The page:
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Mark Gilbert: ‘My phone rings and it’s Barack Obama …’

Mark Gilbert with his Chuck Close portrait and dog Simon. Photo/David White

US Ambassador to New Zealand Mark Gilbert talks reading, rugby and his relationship with the President.

Barack Obama’s book The Audacity of Hope changed the course of Mark Gilbert’s life, culminating in the appointment of the former professional baseball player as US Ambassador to New Zealand and Samoa. The 58-year-old took up the position in January, the first major-league ballplayer to represent his country as an ambassador.

Gilbert rose through the professional baseball ranks in the 70s and 80s, finally playing as an outfielder for the Chicago White Sox in 1985. When his sporting career was cut short by injury, he turned his talents to business, most recently working in the US as managing director of financial services company UBS.

Gilbert is quietly spoken, courteous and engaging. He’s taken up his post as Obama enters the last 18 months of his troubled presidency.

You have a strong professional and personal relationship with Barack Obama. How did that come about?

I had met him prior to reading The Audacity of Hope. But when I decided I wanted to do a presidential campaign, I decided to read the book to get a real feel for him. Afterwards I sat down with him and talked to him about what he cared about, his vision for the country. We talked about health care, poverty in America, wars that seemed to be never-ending, budget deficits, things that had to be dealt with before it was too late. I decided to support him.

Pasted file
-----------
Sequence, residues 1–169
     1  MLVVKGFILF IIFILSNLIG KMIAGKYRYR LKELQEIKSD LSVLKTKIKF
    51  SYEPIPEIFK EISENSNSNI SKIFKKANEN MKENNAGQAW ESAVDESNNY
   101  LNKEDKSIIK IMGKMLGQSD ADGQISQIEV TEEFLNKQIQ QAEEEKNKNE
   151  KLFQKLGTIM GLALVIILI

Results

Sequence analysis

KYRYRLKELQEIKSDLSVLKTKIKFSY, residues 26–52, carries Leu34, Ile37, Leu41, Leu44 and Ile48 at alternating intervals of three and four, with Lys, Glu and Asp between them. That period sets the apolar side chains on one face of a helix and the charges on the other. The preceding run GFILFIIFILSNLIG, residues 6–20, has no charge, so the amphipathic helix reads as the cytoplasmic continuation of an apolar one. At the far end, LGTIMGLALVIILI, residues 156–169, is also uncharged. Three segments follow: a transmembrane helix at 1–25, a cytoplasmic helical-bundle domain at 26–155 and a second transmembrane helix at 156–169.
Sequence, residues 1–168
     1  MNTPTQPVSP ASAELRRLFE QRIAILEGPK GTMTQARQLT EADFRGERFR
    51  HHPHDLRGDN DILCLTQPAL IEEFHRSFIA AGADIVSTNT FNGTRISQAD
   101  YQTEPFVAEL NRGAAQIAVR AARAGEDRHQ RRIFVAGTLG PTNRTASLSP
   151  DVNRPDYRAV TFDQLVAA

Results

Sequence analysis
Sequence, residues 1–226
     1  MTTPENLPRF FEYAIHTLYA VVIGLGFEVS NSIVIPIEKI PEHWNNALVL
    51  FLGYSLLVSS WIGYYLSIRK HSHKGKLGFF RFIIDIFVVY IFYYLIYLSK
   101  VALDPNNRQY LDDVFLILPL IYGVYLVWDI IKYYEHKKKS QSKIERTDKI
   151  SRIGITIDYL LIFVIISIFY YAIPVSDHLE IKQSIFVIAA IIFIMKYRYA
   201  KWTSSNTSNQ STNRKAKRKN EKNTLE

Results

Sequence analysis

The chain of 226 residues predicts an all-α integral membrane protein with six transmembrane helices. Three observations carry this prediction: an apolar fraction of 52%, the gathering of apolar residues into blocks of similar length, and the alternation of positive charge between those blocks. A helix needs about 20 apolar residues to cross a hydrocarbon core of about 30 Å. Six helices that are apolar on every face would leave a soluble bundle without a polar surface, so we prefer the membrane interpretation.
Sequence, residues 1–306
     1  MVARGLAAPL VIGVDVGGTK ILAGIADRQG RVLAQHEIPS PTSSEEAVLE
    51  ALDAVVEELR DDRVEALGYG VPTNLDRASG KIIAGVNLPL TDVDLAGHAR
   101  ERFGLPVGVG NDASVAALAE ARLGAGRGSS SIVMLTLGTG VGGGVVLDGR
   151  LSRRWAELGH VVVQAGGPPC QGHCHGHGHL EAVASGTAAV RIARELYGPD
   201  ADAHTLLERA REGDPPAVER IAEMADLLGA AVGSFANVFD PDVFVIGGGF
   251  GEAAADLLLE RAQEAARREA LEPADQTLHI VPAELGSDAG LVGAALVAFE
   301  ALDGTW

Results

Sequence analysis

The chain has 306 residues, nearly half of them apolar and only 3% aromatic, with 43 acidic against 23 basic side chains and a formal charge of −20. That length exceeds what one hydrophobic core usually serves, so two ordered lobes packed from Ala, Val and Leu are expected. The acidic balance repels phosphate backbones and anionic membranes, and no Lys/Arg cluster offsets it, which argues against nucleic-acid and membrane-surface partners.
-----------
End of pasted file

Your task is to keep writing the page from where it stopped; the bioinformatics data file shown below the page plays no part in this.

The President has faced opposition not just from Republicans but also his own Democratic Party – how did it get to that point?

Democrats and Republicans, in their hearts, really care about our country and historically would take their positions and come together to get the best result. Unfortunately, there have been people who have intentionally kept this from happening because they didn’t want the President to have victories. One time was when there was a bipartisan Bill in the Senate to do something or other and then the President came out and said he supported it too. Seven of the Republican senators whose names were on the Bill voted against it when they found out the President supported it.

Mark Gilbert with President Obama.

You say you don’t have time to read much these days, aside from official papers, so what’s given you pleasure in the past?

I like biographies and gravitate towards books about world markets and finance. I’ve read former Treasury Secretary Henry Paulson’s On the Brink: Inside the Race to Stop the Collapse of the Global Financial System and Timothy Geithner’s Stress Test: Reflections on Financial Crises. Another book in that vein, one of my favourites, is Too Big to Fail, by Andrew Ross Sorkin.